So...I don't know if the food truck purposely has a "secret menu" (a la In-N-Out Burger) or if the employees simply forgot to post one or more of the menu boards this particular night, but I found that the best dishes were the ones that were not on the posted menu. But here's what I would order, in order (Did I mention Rhonda's friends were amazing and let me sample all of their food? This is why I love girls' night out. Wine and so much food):

One of the girls asked the employee taking food orders what her favorite dish was, and she responded that it's the Chicken Tostada. I definitely agree. It's fried roti topped with an assortment of sauteed veggies and chicken in Indian seasonings.  

Masala Fries were on the menu, but AHH for Sweet Potato Masala Fries. WHICH NO ONE SHOULD KEEP FROM ME! One of the girls somehow found out that sweet potatoes were on the truck and got these amazing bites of deliciousness.

Here are the standard Masala Fries. Despite the fact that I don't generally like non-sweet potatoes, I have to hand it to the Dosa Truck that the chunky tomato sauce was really delicious, and the fries' spice level was perfect.

I believe this was the "Tandoori Chicken Tacos" order, although it clearly looks like a quesadilla. But regardless, it was great and all of the Mex-Indian fusion dishes are great options.

The one traditional Indian item that I thought was perfect was the Mango Lassi. It was $4, so not cheap, but it's the most delicious lassi I've had to date. It tasted like it incorporated the flavors of rose, cardamom, and pistachio in with the mango and the yogurt.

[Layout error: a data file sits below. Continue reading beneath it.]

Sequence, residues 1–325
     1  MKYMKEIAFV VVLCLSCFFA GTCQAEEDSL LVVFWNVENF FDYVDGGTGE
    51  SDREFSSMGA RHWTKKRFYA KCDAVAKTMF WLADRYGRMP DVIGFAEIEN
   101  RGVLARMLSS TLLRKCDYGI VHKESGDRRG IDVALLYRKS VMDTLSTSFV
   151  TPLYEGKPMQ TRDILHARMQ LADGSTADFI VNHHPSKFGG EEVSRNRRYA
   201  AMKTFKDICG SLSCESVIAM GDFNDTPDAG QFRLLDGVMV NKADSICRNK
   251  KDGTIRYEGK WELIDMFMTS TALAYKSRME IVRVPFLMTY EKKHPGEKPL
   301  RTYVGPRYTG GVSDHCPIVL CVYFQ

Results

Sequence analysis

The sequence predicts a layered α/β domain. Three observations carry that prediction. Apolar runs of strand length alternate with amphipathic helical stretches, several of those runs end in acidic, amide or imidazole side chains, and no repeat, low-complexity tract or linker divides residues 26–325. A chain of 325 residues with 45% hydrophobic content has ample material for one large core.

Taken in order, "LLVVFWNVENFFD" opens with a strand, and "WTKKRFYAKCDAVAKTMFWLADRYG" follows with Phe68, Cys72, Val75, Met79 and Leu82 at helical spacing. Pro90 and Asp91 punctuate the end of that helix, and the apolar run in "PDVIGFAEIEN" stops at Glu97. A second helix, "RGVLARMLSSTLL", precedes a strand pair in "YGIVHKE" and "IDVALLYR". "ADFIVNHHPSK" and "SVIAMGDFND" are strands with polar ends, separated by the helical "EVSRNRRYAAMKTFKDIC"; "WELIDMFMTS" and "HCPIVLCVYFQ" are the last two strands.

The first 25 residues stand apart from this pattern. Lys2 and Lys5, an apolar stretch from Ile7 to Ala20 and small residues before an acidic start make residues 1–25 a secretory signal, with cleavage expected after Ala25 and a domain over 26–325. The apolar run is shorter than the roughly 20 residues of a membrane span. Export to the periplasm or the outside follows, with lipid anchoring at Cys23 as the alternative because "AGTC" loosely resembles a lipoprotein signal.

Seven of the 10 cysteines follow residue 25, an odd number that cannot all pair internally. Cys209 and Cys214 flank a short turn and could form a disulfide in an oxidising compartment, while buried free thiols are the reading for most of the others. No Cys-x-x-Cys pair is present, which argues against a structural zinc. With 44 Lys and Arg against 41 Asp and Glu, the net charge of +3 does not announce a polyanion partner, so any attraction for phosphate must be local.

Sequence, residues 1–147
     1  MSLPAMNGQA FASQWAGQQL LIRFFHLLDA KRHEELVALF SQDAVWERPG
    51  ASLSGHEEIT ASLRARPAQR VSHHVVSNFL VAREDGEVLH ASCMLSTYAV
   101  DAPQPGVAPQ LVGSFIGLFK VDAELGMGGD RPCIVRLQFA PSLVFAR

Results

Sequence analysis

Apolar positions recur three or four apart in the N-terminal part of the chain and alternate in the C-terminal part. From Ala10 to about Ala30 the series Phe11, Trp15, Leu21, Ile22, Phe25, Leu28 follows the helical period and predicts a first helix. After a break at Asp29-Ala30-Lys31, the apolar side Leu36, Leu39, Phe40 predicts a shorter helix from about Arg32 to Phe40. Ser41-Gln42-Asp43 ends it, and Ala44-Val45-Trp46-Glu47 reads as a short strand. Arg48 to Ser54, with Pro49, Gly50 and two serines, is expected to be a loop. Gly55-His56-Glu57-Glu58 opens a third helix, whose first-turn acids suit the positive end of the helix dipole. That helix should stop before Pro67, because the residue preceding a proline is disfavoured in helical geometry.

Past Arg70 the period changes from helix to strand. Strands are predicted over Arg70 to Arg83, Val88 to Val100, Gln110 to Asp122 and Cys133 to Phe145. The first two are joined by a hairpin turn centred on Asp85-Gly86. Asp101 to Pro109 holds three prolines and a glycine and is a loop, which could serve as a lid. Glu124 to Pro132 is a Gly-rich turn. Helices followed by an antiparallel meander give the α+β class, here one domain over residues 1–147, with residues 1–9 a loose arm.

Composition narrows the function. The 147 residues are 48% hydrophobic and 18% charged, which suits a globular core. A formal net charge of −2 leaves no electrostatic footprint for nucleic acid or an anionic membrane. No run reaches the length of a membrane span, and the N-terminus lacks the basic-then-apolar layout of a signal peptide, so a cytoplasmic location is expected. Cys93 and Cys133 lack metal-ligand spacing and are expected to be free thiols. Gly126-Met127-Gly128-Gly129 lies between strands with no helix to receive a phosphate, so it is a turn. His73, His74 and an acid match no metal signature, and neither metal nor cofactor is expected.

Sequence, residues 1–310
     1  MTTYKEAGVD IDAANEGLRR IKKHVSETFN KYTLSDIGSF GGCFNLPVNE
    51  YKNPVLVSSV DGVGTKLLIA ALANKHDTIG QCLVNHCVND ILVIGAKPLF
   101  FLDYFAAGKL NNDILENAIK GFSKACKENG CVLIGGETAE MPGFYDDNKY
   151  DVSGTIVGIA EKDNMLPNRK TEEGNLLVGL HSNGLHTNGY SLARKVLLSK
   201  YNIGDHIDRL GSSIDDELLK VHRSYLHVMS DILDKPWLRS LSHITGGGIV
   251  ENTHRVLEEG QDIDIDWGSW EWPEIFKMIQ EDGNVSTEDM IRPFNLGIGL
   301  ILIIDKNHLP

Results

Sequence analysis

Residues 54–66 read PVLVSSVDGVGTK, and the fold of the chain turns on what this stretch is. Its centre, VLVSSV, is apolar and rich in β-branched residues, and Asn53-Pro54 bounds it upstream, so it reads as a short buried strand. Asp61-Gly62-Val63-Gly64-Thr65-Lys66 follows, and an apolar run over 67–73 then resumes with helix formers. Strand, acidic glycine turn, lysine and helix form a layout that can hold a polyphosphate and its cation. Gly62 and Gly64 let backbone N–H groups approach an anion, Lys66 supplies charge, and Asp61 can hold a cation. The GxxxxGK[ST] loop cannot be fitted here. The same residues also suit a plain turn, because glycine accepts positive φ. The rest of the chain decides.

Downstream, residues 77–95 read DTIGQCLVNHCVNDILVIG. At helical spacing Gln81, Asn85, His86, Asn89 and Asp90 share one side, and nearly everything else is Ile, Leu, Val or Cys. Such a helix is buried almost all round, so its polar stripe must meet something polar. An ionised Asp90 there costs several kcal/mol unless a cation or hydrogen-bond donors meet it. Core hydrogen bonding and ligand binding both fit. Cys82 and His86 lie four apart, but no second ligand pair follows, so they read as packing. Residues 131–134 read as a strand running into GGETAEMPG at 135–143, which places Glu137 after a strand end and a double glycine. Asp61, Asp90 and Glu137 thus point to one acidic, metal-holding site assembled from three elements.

These were the Samosas. They were crispy and well-flavored. I appreciated that they were served with two chutneys.

This was my actual order. The Goa Goodness, AKA spinach-mushroom-cheese dosa. It had a good mix of flavors but the dosa itself was soggy. And I couldn't blame that on the sambar since there wasn't any. In the Dosa Truck's defense, one of the girls got this dosa as a custom order without cheese (substituting caramelized onions instead) and hers wasn't soggy.

And here's the most traditional dosa, what the Dosa Truck has dubbed its Mumbai Madness. It's stuffed with curried potatoes. It's OK, but if you really want a good dosa, I'd recommend Annapurna Cuisine in Culver City.

I hope to catch this truck again in my excursions around LA. And next time, I'll know to order.